The Northeast Greenland Ice Stream (NEGIS) has been suffering a significant ice mass loss during the last decades. This is partly due to increasing oceanic temperatures in the subpolar North Atlantic, which enhance submarine basal melting and mass discharge. This demonstrates the high sensitivity of this region to oceanic changes. In addition, a recent study suggested that the NEGIS grounding line was 20–40 km behind its present-day location for 15 ka during Marine Isotope Stage (MIS) 3. This is in contrast with Greenland temperature records indicating cold atmospheric conditions at that time, expected to favour ice-sheet expansion. To explain this anomalous retreat a combination of atmospheric and external forcings has been invoked. Yet, as the ocean is found to be a primary driver of the ongoing retreat of the NEGIS glaciers, the effect of past oceanic changes in their paleo evolution cannot be ruled out and should be explored in detail. Here we investigate the sensitivity of the NEGIS to the oceanic forcing during the last glacial period using a three-dimensional hybrid ice-sheet–shelf model. We find that a sufficiently high oceanic forcing could account for a NEGIS ice-margin retreat of several tens of kilometres, potentially explaining the recently proposed NEGIS groundingline retreat during Marine Isotope Stage 3.
  • Publication
    Variability of the ocean heat content during the last millennium - an assessment with the ECHO-g Model
    (Copernicus Gesellschaft MBH, 2013) Ortega, P.; Montoya Redondo, María Luisa; González Rouco, J. Fidel; Beltrami, H.; Swingedouw, D.
    Studies addressing climate variability during the last millennium generally focus on variables with a direct influence on climate variability, like the fast thermal response to varying radiative forcing, or the large-scale changes in atmospheric dynamics (e. g. North Atlantic Oscillation). The ocean responds to these variations by slowly integrating in depth the upper heat flux changes, thus producing a delayed influence on ocean heat content (OHC) that can later impact low frequency SST (sea surface temperature) variability through reemergence processes. In this study, both the externally and internally driven variations of the OHC during the last millennium are investigated using a set of fully coupled simulations with the ECHO-G (coupled climate model ECHAMA4 and ocean model HOPE-G) atmosphere-ocean general circulation model (AOGCM). When compared to observations for the last 55 yr, the model tends to overestimate the global trends and underestimate the decadal OHC variability. Extending the analysis back to the last one thousand years, the main impact of the radiative forcing is an OHC increase at high latitudes, explained to some extent by a reduction in cloud cover and the subsequent increase of short-wave radiation at the surface. This OHC response is dominated by the effect of volcanism in the preindustrial era, and by the fast increase of GHGs during the last 150 yr. Likewise, salient impacts from internal climate variability are observed at regional scales. For instance, upper temperature in the equatorial Pacific is controlled by ENSO (El Nino Southern Oscillation) variability from interannual to multidecadal timescales. Also, both the Pacific Decadal Oscillation (PDO) and the Atlantic Multidecadal Oscillation (AMO) modulate intermittently the interdecadal OHC variability in the North Pacific and Mid Atlantic, respectively. The NAO, through its influence on North Atlantic surface heat fluxes and convection, also plays an important role on the OHC at multiple timescales, leading first to a cooling in the Labrador and Irminger seas, and later on to a North Atlantic warming, associated with a delayed impact on the AMO.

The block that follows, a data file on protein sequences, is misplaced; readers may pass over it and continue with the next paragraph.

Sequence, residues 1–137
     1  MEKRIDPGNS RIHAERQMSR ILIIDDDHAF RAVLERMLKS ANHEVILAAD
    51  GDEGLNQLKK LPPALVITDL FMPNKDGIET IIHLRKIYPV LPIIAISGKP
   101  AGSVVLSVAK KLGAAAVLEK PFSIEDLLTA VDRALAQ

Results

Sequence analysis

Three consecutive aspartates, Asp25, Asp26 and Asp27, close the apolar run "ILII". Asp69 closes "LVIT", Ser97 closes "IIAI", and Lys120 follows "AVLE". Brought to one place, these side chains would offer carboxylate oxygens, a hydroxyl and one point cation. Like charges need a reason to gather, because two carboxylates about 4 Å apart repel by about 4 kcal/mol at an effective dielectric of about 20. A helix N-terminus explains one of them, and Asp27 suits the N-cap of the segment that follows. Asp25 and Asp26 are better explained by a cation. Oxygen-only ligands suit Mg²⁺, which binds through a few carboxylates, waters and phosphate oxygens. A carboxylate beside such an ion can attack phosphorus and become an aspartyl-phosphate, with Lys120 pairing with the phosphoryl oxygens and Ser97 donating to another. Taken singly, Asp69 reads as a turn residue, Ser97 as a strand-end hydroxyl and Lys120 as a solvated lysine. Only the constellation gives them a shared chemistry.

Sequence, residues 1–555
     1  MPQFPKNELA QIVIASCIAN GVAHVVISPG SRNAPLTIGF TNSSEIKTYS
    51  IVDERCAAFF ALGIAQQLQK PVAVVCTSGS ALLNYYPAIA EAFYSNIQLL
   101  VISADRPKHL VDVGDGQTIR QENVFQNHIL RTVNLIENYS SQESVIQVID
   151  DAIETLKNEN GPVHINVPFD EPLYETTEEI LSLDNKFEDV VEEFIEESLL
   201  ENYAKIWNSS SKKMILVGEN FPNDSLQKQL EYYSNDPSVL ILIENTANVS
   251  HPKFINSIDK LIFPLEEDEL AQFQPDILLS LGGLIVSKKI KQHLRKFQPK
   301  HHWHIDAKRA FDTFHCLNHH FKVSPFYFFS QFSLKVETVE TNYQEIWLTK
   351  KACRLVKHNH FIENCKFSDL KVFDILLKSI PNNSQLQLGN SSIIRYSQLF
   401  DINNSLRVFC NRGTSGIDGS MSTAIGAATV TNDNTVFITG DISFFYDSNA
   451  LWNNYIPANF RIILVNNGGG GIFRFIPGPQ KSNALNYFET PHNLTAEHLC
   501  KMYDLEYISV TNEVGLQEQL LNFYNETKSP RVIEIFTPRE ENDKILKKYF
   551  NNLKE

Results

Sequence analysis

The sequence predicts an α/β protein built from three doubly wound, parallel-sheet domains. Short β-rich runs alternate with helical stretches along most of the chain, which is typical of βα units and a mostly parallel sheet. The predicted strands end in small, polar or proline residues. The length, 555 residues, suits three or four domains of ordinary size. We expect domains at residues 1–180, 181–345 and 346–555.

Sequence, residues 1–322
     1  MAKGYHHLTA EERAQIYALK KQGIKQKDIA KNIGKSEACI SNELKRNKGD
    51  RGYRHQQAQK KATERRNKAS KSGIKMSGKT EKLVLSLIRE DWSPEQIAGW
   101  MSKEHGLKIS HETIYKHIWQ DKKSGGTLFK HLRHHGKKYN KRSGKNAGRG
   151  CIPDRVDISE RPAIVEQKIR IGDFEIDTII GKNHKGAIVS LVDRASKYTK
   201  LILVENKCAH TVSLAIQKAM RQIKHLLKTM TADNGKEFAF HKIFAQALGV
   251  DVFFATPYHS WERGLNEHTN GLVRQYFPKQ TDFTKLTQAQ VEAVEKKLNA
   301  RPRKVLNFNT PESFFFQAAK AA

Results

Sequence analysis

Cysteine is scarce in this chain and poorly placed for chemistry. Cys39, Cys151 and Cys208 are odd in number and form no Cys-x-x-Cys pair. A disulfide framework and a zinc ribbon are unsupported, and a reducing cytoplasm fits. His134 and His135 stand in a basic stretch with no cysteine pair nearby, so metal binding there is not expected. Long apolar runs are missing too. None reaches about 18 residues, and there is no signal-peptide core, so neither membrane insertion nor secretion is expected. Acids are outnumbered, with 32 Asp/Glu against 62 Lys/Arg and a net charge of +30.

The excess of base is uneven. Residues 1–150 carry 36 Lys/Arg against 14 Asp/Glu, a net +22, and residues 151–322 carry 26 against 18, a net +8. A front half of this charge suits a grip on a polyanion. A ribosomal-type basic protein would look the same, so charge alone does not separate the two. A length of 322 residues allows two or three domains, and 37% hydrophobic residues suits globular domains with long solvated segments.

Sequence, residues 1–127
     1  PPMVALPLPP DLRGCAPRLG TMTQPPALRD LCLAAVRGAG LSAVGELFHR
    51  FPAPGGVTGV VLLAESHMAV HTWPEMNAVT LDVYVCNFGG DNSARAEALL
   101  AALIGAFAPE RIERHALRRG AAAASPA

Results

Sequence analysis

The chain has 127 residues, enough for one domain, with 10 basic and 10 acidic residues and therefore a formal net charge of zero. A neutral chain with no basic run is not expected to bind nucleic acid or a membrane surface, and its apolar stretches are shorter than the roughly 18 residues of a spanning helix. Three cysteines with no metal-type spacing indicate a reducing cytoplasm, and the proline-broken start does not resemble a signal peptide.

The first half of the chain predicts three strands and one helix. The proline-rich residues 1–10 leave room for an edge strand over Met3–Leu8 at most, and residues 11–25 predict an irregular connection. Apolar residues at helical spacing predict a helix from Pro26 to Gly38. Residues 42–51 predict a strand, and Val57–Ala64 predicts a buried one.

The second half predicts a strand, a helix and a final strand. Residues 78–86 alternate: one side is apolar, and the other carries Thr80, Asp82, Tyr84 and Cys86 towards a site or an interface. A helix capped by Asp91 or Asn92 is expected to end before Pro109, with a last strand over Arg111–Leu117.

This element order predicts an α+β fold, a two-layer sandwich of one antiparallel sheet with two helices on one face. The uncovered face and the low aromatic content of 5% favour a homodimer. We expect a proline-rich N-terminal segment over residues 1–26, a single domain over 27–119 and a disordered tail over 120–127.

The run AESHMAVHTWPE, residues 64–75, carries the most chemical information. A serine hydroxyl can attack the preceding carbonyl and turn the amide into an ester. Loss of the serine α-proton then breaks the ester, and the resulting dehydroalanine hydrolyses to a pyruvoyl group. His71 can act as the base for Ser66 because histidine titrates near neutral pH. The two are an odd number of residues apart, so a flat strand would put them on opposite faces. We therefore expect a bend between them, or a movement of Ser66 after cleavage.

• Publication
    Impact of millennial-scale oceanic variability on the Greenland ice-sheet evolution throughout the last glacial period
    (Copernicus Gesellschaft MBH, 2019-03-28) Tabone, Ilaria; Robinson, Alexander James; Álvarez Solas, Jorge; Montoya Redondo, María Luisa
    Temperature reconstructions from Greenland icesheet (GrIS) ice cores indicate the occurrence of more than 20 abrupt warmings during the last glacial period (LGP) known as Dansgaard-Oeschger (D-O) events. Although their ultimate cause is still debated, evidence from both proxy data and modelling studies robustly links these to reorganisations of the Atlantic Meridional Overturning Circulation (AMOC). During the LGP, the GrIS expanded as far as the continental shelf break and was thus more directly exposed to oceanic changes than in the present. Therefore oceanic temperature fluctuations on millennial timescales could have had a non-negligible impact on the GrIS. Here we assess the effect of millennial-scale oceanic variability on the GrIS evolution from the last interglacial to the present day. To do so, we use a three-dimensional hybrid ice-sheet–shelf model forced by subsurface oceanic temperature fluctuations, assumed to increase during D-O stadials and decrease during D-O interstadials. Since in our model the atmospheric forcing follows orbital variations only, the increase in total melting at millennial timescales is a direct result of an increase in basal melting. We show that the GrIS evolution during the LGP could have been strongly influenced by oceanic changes on millennial timescales, leading to oceanically induced icevolume contributions above 1 m sea level equivalent (SLE). Also, our results suggest that the increased flux of GrIS icebergs as inferred from North Atlantic proxy records could have been triggered, or intensified, by peaks in melting at the base of the ice shelves resulting from increasing subsurface oceanic temperatures during D-O stadials. Several regions across the GrIS could thus have been responsible for ice mass discharge during D-O events, opening the possibility of a non-negligible role of the GrIS in oceanic reorganisations throughout the LGP.